Some professionals employ fear tactics to create external motivators for learning and create a ‘dangerous’ world to force children to carry out their adult wishes. For example, statements like ‘You won’t get a job or career if you don’t turn up to school on time’, ‘You can’t stay at school if you wear the wrong shoes’, ‘You won’t have a future if you don’t pass your exams’ and ‘You aren’t welcome in this school if change your ‘normal’ hair colour’, are employed to make children fearful of their own choices, their ability to innovate and their capability for taking risks.
Adult bullying of children in schools has been related to snobbery concerning class and poverty. For example, in the past books such as Ball’s The Micropolitics Of The School and Willis’s Learning to labour charted the ‘hidden curriculum’ in schools where adult prejudices create barriers to ‘working class’ children’s learning. Contemporary books e.g. Childhood Poverty And Social Exclusion From A Child’s Perspective by Tess Ridge now connect childhood learning barriers to how poverty impacts on children’s sense of Fitting in’ and ‘joining in’. There has, also, been a lot of work understanding the impact of poverty on families’ abilities to meet the costs of the School day:
‘The Cost of the School Day research report presents learning and recommendations from children and staff, along with resources to support poverty proofing in other schools and local authorities:
- From uniform and travel to lunch, trips, clubs and home learning: the key financial barriers affecting children’s participation and experiences at school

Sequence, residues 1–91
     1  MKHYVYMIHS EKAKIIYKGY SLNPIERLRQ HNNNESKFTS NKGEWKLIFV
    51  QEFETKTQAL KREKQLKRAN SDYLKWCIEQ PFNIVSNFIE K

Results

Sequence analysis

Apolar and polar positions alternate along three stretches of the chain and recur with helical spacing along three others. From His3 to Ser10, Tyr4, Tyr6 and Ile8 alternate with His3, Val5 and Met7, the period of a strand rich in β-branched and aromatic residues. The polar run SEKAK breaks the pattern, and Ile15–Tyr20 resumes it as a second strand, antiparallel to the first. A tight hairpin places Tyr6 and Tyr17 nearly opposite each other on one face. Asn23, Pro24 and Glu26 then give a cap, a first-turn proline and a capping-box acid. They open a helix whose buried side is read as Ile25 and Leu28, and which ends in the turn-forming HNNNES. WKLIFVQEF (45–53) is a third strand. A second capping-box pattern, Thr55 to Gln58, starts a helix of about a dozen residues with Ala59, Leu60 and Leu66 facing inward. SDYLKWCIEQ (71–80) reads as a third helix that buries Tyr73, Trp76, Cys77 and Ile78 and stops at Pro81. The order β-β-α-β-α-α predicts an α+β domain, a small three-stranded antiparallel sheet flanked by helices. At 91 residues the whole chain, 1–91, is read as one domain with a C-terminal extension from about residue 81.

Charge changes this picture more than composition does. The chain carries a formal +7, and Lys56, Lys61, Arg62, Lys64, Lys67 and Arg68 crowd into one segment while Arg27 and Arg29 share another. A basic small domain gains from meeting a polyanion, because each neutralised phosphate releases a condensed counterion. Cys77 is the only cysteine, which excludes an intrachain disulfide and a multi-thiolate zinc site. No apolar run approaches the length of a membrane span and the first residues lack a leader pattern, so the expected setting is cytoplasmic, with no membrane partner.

- Existing good practice measures which reduce costs, ensure equal access to opportunities and reduce poverty related stigma, along with ideas about what more can be done
- Recommendations to local authorities, schools and other stakeholders
- Resources to support poverty proofing, including reflective questions and sample sessions for children
- Examples of simple initial changes made by schools participating in Cost of the School Day, including removing the need for expensive badged uniform, improving communications with parents about financial support and starting homework clubs.
Read the Executive Summary
Read the full Cost of the School Day Report’
These reports demonstrate that schools have been slow to understand the impact of poverty on children and families but that there are concrete steps that can be taken to ensure that schools reduce the stigma that children experience (for more on how to address child poverty see the child poverty action group report here).
Low paid jobs put pressure on parents to work longer hours to feed, clothe, house and heat their families. We are back, in some way, to the times Mary Brookbanks wrote of when her jute worker colleagues took in extra work – with the subsequent impact on their health and happiness:
It was a common sight to see women, after a long ten-hour-day in the mill, running to the stream wash-houses with the family washing. They worked up to the last few days before having their bairns. Often they would call in at the calenders from their work and carry home bundles of sacks to sew. These were paid for at the rate of 5 pence for 25, 6 pence for a coarser type of sack. Infant and maternal mortality in Dundee was the highest in the country (See link here for more).
The UK still has stubbornly high infant mortality compared to other countries. Our foodbank society is slow to address childhood poverty. Food bank society doesn’t work, the fact we have had to run food banks simply masks deeper problems with our society and an economy that does not enable work to pay (see Canadian writing on this here).